If the black Apex remote is not working, the battery needs to be changed. Open the battery compartment of the Apex remote, and remove the first battery. This is a battery, and a RF transmitter. The battery will slide out of the battery case/transmitter. It is about half of the size of a regular AAA battery. So far so good. Now go to the flying saucer in the cabinet, and open the bottom of it, to expose the battery compartment (there is enough loose wiring to do this) Take out the charged battery, and replace it with the battery needing charging. Take the fresh battery, insert it into the battery/transmitter case, and put it back into the remote control. 

Errata, Cabbages And Kings

The KVH takes some time to acquire the satellites.  If you are not seeing a picture, do the following:

Go to the Raymaine display, and set it to Video 1. You should see at a minimum the Direct TV logo. If it is not there, make sure you have Green, Green, Green LEDs on the Direct TV/KVH receiver. If not use the Direct TV remote to turn it on. If there are no LED’s, showing, turn on the receiver by pushing the "On" button in the lower left hand corner of the box. "No Signal" on the Raymarine video page means something is not turned on.

Double check that the TV’s are on the proper channels. "4" for Direct TV/SAT, "3" for on air reception.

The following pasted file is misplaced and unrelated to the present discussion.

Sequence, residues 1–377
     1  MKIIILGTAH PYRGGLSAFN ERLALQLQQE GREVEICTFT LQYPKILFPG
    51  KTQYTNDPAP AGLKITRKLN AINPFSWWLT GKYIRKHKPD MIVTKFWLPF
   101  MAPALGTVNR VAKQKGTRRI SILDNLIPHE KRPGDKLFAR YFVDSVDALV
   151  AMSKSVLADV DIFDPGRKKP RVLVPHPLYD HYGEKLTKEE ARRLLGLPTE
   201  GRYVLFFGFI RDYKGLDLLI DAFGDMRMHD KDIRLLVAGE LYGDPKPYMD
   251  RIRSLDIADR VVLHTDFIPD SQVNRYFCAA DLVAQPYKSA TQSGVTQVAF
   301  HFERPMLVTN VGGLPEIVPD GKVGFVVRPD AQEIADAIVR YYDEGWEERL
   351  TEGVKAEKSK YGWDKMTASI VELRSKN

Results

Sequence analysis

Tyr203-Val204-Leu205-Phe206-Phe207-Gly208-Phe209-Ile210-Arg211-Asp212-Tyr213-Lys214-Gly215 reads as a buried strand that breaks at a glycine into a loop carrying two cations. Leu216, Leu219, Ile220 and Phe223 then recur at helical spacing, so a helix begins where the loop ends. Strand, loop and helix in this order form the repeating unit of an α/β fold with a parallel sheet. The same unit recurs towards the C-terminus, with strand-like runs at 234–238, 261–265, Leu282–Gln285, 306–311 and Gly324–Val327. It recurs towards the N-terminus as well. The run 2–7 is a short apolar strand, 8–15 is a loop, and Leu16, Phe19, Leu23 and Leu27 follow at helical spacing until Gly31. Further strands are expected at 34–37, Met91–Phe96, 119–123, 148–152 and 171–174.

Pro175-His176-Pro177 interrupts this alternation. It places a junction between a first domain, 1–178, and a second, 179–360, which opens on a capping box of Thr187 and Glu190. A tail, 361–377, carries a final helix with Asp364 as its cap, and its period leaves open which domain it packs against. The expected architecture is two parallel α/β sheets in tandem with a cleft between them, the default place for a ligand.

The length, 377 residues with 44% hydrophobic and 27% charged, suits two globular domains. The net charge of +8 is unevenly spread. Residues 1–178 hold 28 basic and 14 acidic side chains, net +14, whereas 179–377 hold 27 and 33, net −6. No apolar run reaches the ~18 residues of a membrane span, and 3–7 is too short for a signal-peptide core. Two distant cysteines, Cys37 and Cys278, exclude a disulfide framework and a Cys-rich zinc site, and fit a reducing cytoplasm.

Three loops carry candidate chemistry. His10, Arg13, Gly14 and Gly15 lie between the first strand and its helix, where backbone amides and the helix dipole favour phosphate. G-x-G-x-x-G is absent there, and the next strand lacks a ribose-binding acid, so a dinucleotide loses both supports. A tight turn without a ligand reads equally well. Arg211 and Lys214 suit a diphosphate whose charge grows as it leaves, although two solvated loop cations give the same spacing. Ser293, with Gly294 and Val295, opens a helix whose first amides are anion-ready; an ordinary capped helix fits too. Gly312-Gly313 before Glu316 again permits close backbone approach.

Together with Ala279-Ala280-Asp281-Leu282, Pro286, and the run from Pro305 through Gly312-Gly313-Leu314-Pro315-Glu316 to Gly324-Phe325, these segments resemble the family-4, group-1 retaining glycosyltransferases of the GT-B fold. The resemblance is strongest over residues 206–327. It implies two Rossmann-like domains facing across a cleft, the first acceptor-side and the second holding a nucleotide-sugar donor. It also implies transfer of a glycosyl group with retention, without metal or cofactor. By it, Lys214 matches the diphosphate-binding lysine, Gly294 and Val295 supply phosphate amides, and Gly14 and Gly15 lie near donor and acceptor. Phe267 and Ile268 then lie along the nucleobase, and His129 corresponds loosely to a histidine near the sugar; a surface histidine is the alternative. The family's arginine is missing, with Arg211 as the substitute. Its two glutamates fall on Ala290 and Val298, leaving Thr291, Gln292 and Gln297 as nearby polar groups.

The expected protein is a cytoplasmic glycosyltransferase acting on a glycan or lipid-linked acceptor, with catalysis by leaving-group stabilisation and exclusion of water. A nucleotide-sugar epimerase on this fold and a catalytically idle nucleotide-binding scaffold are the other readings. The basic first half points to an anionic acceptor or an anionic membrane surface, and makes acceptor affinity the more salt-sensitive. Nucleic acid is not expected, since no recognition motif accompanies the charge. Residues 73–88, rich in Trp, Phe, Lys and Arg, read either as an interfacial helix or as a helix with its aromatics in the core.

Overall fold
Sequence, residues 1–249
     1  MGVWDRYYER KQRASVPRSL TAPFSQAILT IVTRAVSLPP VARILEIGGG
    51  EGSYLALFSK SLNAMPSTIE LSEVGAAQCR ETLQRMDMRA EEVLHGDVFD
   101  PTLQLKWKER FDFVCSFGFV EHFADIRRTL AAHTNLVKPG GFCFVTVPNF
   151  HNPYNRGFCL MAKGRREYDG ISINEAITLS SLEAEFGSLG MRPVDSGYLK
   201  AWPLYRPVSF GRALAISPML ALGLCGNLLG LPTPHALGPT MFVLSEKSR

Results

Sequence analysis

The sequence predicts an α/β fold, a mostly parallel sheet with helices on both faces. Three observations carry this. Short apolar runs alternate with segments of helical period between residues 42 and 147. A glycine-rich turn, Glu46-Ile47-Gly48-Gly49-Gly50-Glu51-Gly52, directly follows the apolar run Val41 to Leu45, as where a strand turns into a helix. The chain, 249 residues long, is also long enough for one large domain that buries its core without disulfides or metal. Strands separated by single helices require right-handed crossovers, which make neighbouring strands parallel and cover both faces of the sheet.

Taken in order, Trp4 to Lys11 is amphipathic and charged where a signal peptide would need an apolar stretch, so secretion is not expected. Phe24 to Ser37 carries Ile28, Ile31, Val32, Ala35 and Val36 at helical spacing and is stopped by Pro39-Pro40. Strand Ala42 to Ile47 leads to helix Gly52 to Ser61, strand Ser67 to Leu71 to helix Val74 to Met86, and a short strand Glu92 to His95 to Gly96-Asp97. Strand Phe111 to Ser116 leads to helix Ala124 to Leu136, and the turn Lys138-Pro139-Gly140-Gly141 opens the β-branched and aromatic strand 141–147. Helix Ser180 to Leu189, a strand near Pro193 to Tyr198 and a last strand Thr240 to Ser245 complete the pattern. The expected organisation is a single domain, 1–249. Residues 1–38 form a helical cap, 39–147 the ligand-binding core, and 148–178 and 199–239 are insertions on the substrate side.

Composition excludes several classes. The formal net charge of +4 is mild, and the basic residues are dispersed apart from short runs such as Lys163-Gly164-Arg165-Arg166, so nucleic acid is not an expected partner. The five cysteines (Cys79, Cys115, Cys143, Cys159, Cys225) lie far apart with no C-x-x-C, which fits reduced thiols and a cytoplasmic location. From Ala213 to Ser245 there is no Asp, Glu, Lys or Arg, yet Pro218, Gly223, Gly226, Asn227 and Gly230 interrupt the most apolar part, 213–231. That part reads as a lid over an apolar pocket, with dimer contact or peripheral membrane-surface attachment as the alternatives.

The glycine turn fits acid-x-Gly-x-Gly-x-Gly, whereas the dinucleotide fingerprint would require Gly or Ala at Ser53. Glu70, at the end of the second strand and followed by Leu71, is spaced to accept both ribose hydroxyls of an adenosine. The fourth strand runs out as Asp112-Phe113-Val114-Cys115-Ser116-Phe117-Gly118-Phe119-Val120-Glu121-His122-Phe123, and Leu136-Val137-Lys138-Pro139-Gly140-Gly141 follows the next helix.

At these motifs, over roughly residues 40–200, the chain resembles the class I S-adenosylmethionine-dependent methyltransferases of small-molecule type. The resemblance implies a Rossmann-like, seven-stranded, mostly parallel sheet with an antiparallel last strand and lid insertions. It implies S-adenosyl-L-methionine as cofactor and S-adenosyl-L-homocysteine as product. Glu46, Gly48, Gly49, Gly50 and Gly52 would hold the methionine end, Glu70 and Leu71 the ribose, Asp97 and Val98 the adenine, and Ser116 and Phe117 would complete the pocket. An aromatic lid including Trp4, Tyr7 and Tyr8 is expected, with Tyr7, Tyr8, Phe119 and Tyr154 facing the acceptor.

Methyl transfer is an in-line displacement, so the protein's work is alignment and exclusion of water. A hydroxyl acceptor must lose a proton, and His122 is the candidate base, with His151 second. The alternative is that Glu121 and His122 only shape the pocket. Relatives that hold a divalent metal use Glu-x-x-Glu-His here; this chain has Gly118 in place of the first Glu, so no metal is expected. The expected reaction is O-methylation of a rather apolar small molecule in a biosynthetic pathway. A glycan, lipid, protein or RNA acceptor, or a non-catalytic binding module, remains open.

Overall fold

Make sure the push button box is correctly set. CBL for dockside, ANT for on air, and SAT for KVH/Direct TV.

The stereo must be on 88.3 FM for the sound to work with the system. This is preset button "1" on the stereo, if someone hasn’t changed it.

No chart detail on the Raymarine chartplotter, go to the chart page, press "Presentation", and turn "Declutter" off.

If your Raymarine system beeps at you every few seconds, push and hold the WPTS/MOB button until is stops. You held the button down to long and activated the MOB alert.

Raymarine to dark to see? Press  the red power button once, and then press the 4th soft key button at the bottom, going from left to right. This puts the unit back in day mode. 

Can’t find the Video button on the port side Raymarine at the bottom? Press and hold "Page" until  the page set up screen appears. Select one with the video option, and press "OK". Then push page, and select the video camera at the bottom 

Help? Call Bill Bishop

This is a very simple system, you should see the directions for a complex one! 

So boys, and girls, remember, on a boat, simpler is always better, so don't bend over backwards to make it complicated, or you will never learn how to use it. By the way, instead of TV, there are also books, watching the sunset from the cockpit with a glass of wine, and some cheese and crackers, and gasp, even conversation. Oops, Kate wants to talk about feelings, isn't that basketball game on?


1 comment:

  1. Marine a/v installation pays my bills too, but I sure wish the custom was to leave the tv off the boat and grab a good book.

    ReplyDelete